RangerSir and I have returned from vacation and now I feel like I can blog here out in the world of everyone knowing because it is all in the past. I think the hardest part of planning a vacation was making arrangements for our livestock. It was much harder than I had imagined, as I had remembered as a young adult, I loved getting away from roommates. Getting paid was a bonus because it was like having a part-time job that didn’t cramp my lifestyle. We finally make a connection for a house/pet sitter before we left. It worked out well but oh the journey was an adventure.
We started by putting out the word to friends and family that we were looking for a house/pet sitter. We have a small college in town and I was sure that someone would know of a person who was interested in the job. We got no bites. We were unsure if it was because we lived out-of-town or it was our menagerie but no one wanted the job. We were offering to pay the sitter what kenneling would cost.
After a couple of weeks, we got worried and started to make kennel arrangements for the cat and dog. We watched our neighbor’s horses and barn cats, so we knew that they would open the door for the chickens in the morning and close them up at night. It was a workable solution, but it wasn’t the best solution because we did not want our house empty for ten days.
We started to tap into websites offering house/pet sitters, talking to folks, trying to figure out our liabilities, and what could go wrong if we were two days away from rescue. There were so many pros, cons, and unknowns. You asked everyone you knew if they knew this person on the net wanting to sit for you.
Finally, we made a connection with a young woman who would be in her last two weeks of high school the time we needed her. Lots of people vouched for her maturity and reliability. It was unnerving after all she was in high school. I met her mother and knew her step-father and grandmother. They were all comfortable with this and supportive of her doing this. She had an afterschool job but would be home the same hours as we were when working. We met with her and talked with her and in the end, she would be our house sitter. RangerSir reminded me in a couple of weeks she could call herself a college freshman, so if she had such good references we should go with it.
In the midst of all of this one late afternoon, three of our chickens flew over the fence in their run attached to their coop. They came to their favorite dust bath location by the back door at the edge of the foundation of the house and they were prone to do. Unfortunately, Mr. Fox came right up to our back door and got our girls. It was unnerving and devastating because this happened just a few feet from our back door that we use as our main entry. RangerSir and I had decided just this year that we were not going to do baby chicks and the hens we had were likely our last hens. In retirement we would be in town and chickens would not be part of our lives. When we were gone so were these hens. It seemed that fate was telling us that our train was moving much faster than we had thought it was. We had one chicken left after this unfortunate incident and we called a girlfriend with a flock to see if she would take our last hen. She took the hen with all the food and supplies we had for our backyard flock. Housesitting at our place just got easier for our young housesitter.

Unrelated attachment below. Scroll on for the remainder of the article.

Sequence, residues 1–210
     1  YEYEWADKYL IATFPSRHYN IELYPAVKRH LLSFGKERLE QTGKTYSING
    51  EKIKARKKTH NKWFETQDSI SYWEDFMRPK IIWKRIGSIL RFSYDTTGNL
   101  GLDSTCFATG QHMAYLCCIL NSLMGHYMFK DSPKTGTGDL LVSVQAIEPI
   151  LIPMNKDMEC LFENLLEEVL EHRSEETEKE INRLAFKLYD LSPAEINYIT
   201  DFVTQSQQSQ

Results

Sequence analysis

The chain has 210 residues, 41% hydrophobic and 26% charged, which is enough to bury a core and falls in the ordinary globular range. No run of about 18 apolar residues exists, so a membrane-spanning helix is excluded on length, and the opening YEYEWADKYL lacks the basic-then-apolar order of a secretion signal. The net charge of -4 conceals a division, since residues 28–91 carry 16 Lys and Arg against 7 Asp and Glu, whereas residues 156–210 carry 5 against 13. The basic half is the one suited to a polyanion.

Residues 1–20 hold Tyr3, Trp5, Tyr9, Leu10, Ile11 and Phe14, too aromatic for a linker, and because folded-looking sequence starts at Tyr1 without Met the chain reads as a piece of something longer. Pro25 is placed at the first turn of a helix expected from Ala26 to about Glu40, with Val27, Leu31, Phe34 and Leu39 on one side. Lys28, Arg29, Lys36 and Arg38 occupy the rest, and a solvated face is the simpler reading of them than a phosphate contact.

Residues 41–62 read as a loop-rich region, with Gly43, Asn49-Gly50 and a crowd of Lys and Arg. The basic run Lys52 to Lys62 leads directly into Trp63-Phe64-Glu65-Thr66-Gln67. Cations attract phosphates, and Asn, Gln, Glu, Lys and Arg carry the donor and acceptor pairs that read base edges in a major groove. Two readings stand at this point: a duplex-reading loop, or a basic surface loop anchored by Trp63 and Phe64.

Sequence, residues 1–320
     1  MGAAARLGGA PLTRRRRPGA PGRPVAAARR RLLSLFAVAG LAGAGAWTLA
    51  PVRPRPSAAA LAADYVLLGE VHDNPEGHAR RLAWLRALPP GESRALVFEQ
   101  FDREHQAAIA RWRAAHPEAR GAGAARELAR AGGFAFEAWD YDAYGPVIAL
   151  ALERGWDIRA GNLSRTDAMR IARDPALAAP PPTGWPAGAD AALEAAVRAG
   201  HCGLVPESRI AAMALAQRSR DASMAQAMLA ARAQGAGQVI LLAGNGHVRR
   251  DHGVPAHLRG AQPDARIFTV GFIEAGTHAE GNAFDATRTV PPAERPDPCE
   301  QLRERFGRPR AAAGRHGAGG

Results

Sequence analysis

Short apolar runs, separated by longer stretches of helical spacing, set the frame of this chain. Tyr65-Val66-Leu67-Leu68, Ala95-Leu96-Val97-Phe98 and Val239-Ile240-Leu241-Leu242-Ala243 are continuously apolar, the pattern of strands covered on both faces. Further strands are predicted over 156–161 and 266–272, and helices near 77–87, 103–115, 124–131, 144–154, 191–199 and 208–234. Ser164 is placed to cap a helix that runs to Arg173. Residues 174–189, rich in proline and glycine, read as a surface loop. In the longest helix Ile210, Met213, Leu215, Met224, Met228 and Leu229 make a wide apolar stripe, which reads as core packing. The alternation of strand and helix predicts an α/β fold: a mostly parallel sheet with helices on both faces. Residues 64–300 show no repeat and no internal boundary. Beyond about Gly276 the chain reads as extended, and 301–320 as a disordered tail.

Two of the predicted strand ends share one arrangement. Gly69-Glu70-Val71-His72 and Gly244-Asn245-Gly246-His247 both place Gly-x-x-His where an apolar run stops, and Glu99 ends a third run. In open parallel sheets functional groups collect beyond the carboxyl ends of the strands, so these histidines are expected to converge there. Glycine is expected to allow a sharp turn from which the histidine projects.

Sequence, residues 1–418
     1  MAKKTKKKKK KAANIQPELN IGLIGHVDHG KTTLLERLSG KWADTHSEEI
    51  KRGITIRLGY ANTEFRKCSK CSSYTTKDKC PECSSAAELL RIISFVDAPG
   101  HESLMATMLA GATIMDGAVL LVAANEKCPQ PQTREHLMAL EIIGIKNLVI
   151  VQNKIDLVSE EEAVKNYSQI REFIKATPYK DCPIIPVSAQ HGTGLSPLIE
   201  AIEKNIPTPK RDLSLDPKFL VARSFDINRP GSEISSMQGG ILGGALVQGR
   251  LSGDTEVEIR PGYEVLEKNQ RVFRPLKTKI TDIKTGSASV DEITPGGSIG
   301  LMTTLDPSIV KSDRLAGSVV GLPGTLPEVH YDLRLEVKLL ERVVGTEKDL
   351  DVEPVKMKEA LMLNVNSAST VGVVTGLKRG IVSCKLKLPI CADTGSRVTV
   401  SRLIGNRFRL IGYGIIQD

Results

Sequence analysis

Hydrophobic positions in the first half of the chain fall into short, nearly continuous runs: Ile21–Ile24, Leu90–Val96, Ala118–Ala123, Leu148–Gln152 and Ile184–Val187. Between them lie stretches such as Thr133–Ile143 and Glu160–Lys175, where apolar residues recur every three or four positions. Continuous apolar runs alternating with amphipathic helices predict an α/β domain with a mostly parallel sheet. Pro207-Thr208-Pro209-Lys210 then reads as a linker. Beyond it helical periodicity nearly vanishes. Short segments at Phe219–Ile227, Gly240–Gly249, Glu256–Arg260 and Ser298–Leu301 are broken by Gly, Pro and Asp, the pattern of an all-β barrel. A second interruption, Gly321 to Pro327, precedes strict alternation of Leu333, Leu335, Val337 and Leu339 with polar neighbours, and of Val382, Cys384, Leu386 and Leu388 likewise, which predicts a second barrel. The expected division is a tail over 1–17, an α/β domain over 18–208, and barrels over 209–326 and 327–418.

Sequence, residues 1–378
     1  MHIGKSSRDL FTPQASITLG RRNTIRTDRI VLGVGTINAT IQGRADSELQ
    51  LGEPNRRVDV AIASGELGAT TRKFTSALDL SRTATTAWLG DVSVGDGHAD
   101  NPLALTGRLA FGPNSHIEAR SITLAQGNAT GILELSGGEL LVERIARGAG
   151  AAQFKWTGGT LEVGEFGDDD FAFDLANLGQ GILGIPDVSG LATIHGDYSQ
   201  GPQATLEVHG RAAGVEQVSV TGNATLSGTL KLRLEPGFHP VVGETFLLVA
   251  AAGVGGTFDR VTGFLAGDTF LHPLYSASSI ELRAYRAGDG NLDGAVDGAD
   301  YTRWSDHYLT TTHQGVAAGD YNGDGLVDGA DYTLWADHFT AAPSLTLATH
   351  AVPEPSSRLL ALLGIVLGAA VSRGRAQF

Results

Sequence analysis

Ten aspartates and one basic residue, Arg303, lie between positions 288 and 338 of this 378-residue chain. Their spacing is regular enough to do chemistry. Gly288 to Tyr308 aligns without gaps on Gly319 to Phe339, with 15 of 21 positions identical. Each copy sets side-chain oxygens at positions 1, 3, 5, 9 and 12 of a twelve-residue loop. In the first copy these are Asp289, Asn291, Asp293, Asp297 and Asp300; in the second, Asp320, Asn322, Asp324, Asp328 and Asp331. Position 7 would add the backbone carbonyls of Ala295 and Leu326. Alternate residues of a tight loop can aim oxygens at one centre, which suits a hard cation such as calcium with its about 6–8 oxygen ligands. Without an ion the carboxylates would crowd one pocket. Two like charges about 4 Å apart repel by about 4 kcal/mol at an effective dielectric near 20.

The first night we were gone and out of cell phone connection most of the day and early evening. We got back into service at 8pm Montana time to have a message from our housesitter who came home to find that we had no electricity (no water/well either). When we finally connected up that night she just wanted to know if there was something special she needed to do as she had tried the breakers and no luck; the power company in town couldn’t help her. I placed calls to her and made sure she knew where the oil lamps and flashlights were (things we had not covered in the walk through before we had left). We are the next to last house on an electric run connected to a local electric co-op. We placed calls to the co-op linemen in charge of our area and electricity came back on at 9pm her time. She was so calm and collected and told us no worries, she was ok and it would be ok. It was an immediate demonstration to us that we had left our house and critters in good hands and that this young woman may be in high school, but she was ready for heading out into the next step of life and working her way through the what life was going to throw at her.
When we got home our dogs and cats were happy to see us, but a little put out with us as well. Life had been good for them while we were gone. The house was clean, the sheets and towels were pulled and washed, though we had not asked her to do so. We could not tell that she had been there. The neighbors were impressed with what they had observed she was home with our pets as we had wanted and no crazy visitors. I’d love to have her again, but she is ready for the world. She and friend will be visiting NYC before she heads off to Seattle for school. So as great as this was, if we go on holiday we will once again be looking for a house sitter.